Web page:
ield trips aren't quite what they used to be. Missing a day of work doesn't match the unqualified, guiltless glee of missing a day at school. Speeding down endless stretches of highway in a shiny new Audi doesn't pack quite the thrill of rattling along in battle-scarred, clattering activity buses amidst the shouting, razzing, and intimidation of fifty-odd hyperactive pre-pubescents. And since we're not in North Carolina anymore, the day doesn't end with a gratis starter pack of cigarettes courtesy of R.J. Reynolds, Liggett & Myers, or whatever pillar of the local business community happens to be brandishing its good works that day.
Hard as they tried, the tobacco barons never really made themselves our heroes; it was just the break in monotony that made these days memorable. There were exceptions, of course, Winston-Salem's Krispy Kreme doughnut factory being the most notable. That was, after all, where we discovered the method behind the magic, Homer Price sprung to life, a marvel to behold.
I probably could have hung it up right there after the Krispy Kreme experience, since perhaps life's greatest mystery had been unlocked. But there was one other mystery that particularly intrigued me that still lay beyond my grasp.
I am speaking, of course, of the way they make records. LPs, 45s, 78s--all those seemingly identical spiral grooves that encompassed the secrets of the universe in compact blasts of rock 'n' roll. But now I don't have to regret not growing up in Terre Haute or Scranton anymore. As editor of EMedia Magazine , I get to meet some great people, and see wonderful places from St. Paul to Santa Barbara, but none so viscerally dazzling as the WEA manufacturing plant I had the pleasure of touring last month in bucolic Olyphant, Pennsylvania.
And I did indeed see vinyl pressed and pruned, the way the amorphous platters get stamped from a mirror image of the grooves then trimmed to a perfect circle. The machines looked pretty much as I imagined them--time-worn and a little cobbled together, but humming along nonetheless. They seemed to tell their own story, twilight of an industry and all that.
But that wasn't the story I was invited there to hear, and it wasn't even the best story I heard all day. My official business in Olyphant concerned DVD, observing close at hand the intricate workings of state-of-the-art pressing and packaging systems that crank out upwards of two million discs a day--including CD and DVD--with eye-popping efficiency I hadn't witnessed since I ran the Marine Corps Marathon.
Walking amongst the cogs of industry with a couple of its captains, I experienced sights and sounds not entirely unfamiliar to me (WEA's isn't the first replication plant I've visited, and I've seen these machines disembodied on the RepliTECH show floor), but at WEA, things seemed bigger and more automated.
I also heard a great story about one feat of DVD manufacturing that's been accomplished there and--at least as far as titles in release go--nowhere else. I'm referring to that where-the-sidewalk-ends DVD format, the elusive DVD-18. This is DVD at the farthest edge imaginable, pushed to full capacity with two sides of two layers of 4.7GB each, totaling a totemic 18.8GB. Of course, there was nothing in the original DVD spec that said DVD-18 couldn't be done; it was simply that at the time no one actually knew how to do it. And as we've reported in EMedia Magazine before, the engineers at WEA were the ones who figured it out.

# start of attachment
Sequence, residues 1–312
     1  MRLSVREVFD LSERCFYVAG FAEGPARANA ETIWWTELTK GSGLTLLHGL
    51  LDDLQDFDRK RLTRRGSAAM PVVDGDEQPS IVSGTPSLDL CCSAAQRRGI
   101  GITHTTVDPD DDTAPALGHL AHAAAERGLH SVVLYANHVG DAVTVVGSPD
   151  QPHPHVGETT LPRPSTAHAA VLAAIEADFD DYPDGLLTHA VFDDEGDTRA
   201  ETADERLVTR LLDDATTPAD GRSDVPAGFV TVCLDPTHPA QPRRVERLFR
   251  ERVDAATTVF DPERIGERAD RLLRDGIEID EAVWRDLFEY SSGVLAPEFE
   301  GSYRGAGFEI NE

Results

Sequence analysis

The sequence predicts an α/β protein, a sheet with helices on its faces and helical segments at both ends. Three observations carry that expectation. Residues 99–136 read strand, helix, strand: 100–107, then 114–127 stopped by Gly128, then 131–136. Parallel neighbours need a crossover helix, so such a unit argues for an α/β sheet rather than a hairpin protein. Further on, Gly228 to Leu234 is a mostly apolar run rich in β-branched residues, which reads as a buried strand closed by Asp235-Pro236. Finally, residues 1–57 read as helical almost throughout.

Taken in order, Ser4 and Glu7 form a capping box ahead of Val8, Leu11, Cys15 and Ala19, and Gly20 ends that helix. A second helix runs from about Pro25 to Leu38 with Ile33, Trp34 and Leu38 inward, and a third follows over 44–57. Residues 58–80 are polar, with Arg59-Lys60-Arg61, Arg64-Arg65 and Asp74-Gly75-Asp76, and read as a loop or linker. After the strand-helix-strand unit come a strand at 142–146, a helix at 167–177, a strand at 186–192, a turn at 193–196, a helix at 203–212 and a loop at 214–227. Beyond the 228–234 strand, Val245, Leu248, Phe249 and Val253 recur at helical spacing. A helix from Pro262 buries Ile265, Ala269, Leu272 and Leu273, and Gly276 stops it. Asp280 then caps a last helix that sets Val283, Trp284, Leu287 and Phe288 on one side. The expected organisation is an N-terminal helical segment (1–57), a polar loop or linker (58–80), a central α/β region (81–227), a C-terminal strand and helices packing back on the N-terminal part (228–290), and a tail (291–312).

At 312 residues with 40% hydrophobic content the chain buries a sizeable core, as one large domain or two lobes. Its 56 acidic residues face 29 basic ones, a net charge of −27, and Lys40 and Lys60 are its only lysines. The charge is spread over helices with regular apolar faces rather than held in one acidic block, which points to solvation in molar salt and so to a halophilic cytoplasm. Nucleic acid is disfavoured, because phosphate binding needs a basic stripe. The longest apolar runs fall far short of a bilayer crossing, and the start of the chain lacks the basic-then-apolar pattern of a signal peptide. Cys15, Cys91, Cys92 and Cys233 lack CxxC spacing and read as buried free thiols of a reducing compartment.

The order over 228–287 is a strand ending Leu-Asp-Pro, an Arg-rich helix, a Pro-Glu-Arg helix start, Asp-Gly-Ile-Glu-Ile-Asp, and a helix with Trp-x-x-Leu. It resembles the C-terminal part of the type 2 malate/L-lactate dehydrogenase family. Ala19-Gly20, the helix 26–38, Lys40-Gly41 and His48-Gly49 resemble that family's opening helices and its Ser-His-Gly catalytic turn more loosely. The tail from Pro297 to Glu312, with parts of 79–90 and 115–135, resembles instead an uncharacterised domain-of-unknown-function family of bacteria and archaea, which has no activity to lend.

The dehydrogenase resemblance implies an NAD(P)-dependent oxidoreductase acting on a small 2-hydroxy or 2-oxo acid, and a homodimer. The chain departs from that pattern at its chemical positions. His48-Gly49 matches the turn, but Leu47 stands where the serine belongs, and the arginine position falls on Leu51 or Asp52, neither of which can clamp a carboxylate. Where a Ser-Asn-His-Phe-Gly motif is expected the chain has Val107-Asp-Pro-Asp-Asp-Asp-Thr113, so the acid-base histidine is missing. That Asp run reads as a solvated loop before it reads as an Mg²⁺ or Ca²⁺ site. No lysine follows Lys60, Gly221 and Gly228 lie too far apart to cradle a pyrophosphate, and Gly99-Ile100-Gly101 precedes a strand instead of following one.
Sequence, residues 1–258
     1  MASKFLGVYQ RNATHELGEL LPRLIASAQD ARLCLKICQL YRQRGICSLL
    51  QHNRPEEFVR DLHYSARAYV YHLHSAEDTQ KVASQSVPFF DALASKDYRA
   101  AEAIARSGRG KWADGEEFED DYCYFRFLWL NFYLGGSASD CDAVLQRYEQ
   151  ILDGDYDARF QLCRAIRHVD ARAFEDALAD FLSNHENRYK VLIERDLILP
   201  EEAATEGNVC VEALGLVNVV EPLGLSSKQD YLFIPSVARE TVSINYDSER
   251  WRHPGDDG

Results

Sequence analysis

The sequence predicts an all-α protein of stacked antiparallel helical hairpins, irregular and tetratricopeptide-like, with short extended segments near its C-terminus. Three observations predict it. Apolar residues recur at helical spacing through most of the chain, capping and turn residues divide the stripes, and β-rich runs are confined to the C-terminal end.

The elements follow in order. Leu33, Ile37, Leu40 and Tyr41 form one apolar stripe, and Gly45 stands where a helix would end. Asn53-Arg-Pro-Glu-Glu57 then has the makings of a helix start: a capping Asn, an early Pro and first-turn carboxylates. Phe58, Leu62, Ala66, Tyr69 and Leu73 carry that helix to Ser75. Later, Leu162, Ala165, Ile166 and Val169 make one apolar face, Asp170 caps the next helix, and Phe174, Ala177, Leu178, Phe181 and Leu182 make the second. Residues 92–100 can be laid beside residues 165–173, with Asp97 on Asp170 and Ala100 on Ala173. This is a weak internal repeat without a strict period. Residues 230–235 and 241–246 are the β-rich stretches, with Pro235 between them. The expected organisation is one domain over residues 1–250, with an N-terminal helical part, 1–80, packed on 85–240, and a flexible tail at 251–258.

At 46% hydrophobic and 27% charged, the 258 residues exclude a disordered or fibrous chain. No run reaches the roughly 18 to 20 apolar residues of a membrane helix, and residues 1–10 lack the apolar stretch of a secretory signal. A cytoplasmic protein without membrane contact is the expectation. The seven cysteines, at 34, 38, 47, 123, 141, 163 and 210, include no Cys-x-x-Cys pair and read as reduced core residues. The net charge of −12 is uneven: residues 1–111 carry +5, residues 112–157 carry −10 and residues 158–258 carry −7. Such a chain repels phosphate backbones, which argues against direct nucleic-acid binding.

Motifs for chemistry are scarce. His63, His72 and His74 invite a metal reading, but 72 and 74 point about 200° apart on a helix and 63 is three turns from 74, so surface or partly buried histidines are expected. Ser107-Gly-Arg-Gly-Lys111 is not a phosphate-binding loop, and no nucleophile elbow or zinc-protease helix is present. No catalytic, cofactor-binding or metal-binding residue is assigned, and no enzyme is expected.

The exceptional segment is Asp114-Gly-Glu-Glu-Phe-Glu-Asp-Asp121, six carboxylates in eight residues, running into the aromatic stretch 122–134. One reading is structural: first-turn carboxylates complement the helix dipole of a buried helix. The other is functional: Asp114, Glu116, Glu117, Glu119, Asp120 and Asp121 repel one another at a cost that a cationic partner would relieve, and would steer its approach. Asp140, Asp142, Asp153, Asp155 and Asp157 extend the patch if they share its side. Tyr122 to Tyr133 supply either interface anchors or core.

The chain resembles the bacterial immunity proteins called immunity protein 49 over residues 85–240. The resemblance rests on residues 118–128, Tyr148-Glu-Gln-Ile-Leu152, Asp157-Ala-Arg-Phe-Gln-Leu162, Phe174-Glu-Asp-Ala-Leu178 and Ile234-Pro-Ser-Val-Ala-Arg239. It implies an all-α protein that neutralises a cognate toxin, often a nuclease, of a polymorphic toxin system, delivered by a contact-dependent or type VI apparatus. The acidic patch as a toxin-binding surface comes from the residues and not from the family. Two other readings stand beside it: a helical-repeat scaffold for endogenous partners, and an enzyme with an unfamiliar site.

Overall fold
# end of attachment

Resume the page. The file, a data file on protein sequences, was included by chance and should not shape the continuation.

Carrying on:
And that's where the storytelling part comes in. Like any good creation story (e.g., that famous one in the first book of Moses), the genesis of DVD-18 has two versions. Rick Marquardt gave me the story on-site, but in following-up with his colleague Bill Mueller to get the details, I unearthed variations on the theme. The versions aren't contradictory by any means, one simply suggests serendipitous happenstance and the other a more rational evolutionary theory. I prefer the serendipity version, the one I heard at the plant. Either way what they did is pretty ingenious.
A DVD-18, logically enough, is essentially two DVD-9s stuck together. But you can't do that exactly, since a pressed disc consists of two half-thickness discs molded together, as opposed to two full-thickness discs because the resulting 2.4mm would be too thick. The problem was transferring "top-layer" (Layer 1) data to the disc's data Layer 0. According to Marquardt, as they experimented with half-thickness discs (changing the material used and pulling them apart), they made a key discovery: When the discs were separated, where the adhesive used to bond the discs remained, so did a (nearly) perfect impression of the pits that comprise the Layer 0 data. Several tweaks and refinements after that accidental "Eureka" moment, the surface transfer process (STP) that makes DVD-18 possible was honed to production-ready precision.
Mueller tells the story a little differently. He says WEA's understanding of the effectiveness of the adhesive imprint, separating discs with pit art exposures, dates back to the laserdisc days. From there, it was just some educated "theorizing" that led to applying the principle to DVD-18.
Mueller goes on to say that DVD-18 output remains "very, very low" relative to DVD-5, 9, and 10 output. But the title list is slowly growing, pushing into the documentary series category, which seems a natural fit since one of these discs can hold the capacity of roughly 10 VHS tapes. This makes a nice alternative sell to DVD's extra-feature and interactive elements that many home-video fans may continue to find superfluous.
Imagining the possibilities of DVD-18, I'm reminded of a dream my college roommate said he had, in which we walked into a record store and stumbled upon a mega-multi-CD set including everything Otis Redding ever sang, said, and thought. Maybe even DVD-18 couldn't capture all that, but it sure makes a better souvenir than a clandestine pack of smokes.